During this month in 1972, the term “October surprise” came into use. An October surprise, as you may know, is a news story that is held until just before an election, in the hopes that it will affect voters’ decisions at the ballot box.
To be fair, some people argue that the first “October surprise” really occurred in 1980, not 1972.
Republican Richard Nixon was then facing off against Democrat George McGovern. Nixon was ahead and likely to win anyway. However, with only days to go before the election, an announcement was made that may have helped Nixon even more. On October 26, National Security Advisor Henry Kissinger gave a press conference at which he announced, “We believe that peace is at hand.”
American involvement in Vietnam had then been dragging on for years and years (and years). Voters were tired of the war and surely loved Kissinger’s promise.
Was the announcement entirely accurate? Was progress really being made? Who knows? More bombings would follow, and it would be several years before American troops were finally withdrawn from Vietnam. Either way, the announcement may have added to Nixon’s winning margin that year.
The “October surprise” in 1980 also involved foreign affairs.
At the time, incumbent President Jimmy Carter was working to free hostages in Iran. The Ronald Reagan campaign anticipated a last-minute hostage release, and it worked to desensitize the voting public to the possibility of such an “October surprise.” In the end, the surprise worked the other way: Iran refused to release the hostages until after the election.
That announcement may have undermined Carter’s re-election bid.
In later months and years, some would allege that the Reagan campaign actively worked during the fall of 1980 to prevent Iran from releasing the hostages too soon. Reagan officials always denied that allegation, and a congressional inquiry failed to find any evidence of such a plot.
What other October surprises have influenced elections?
In 2000, a news story broke less than a week before the election: Americans discovered that then-Republican nominee George W. Bush had once been arrested for driving under the influence. Some people believe that the last-minute revelation suppressed turnout for Bush. Given the close election outcome, did that October surprise nearly change history?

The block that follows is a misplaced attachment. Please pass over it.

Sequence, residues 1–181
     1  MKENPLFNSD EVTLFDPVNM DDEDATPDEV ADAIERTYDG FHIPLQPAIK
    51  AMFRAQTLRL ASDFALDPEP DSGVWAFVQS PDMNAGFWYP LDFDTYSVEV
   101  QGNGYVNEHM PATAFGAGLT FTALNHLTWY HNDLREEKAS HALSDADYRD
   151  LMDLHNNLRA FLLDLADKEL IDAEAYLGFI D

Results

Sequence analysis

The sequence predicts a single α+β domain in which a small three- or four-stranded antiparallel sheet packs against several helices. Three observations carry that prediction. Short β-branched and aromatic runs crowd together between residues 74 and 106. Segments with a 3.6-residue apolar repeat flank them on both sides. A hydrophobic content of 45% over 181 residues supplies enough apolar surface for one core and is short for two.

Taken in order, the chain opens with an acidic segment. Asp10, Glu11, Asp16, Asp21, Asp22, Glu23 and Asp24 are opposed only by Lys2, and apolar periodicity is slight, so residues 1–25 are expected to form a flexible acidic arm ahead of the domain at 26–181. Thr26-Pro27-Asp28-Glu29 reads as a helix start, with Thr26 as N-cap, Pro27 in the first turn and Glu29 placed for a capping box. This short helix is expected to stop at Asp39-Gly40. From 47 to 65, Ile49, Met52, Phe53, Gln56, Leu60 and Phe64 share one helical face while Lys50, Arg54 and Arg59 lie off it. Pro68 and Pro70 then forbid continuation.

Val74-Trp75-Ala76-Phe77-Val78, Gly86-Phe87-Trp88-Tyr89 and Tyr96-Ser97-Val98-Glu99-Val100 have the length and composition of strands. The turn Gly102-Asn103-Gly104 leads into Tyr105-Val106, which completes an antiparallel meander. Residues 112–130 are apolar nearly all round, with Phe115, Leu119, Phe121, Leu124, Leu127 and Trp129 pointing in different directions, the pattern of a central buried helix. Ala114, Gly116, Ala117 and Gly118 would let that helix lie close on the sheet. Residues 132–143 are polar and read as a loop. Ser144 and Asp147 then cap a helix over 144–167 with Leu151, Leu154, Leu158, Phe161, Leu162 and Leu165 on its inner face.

Maybe, but there is no way to really know.
Finally, in 2012, Republican candidate Mitt Romney perhaps got a double hit, although one event was beyond anybody’s control. First, a videotape was released of Romney speaking negatively of the “47 percent” who were dependent on government. The tape was technically released in September, but its last-minute release is believed to have hurt Romney. Second, Hurricane Sandy hit the U.S., giving incumbent President Barack Obama plenty of opportunities to look presidential, even as Romney took a back seat on the evening news.
Will an October surprise hit this year? (Or has it already?) And, if so, will it be effective? I’ll leave it to you to decide.
Andrew Malcolm, The Fox News story that nearly sank a Bush presidency before it began (LA Times; Mar. 5, 2010)
Chris Cillizza, Why Mitt Romney’s “47 percent” comment was so bad (Mar. 4, 2013)
Edwin Meese III, Reagan: The Inside Story (2015)
Larry Berman, No Peace, No Honor: Nixon, Kissinger, and Betrayal in Vietnam (2001)
Taylor Gee, 15 October Surprises That Wreaked Havoc on Politics (Politico; Oct. 4, 2016)
The 21st-Century Voter: Who Votes, How They Vote, and Why They Vote (Guido H. Stempel III & Thomas K. Hargrove eds. 2015)
William Safire, Safire's Political Dictionary (2008)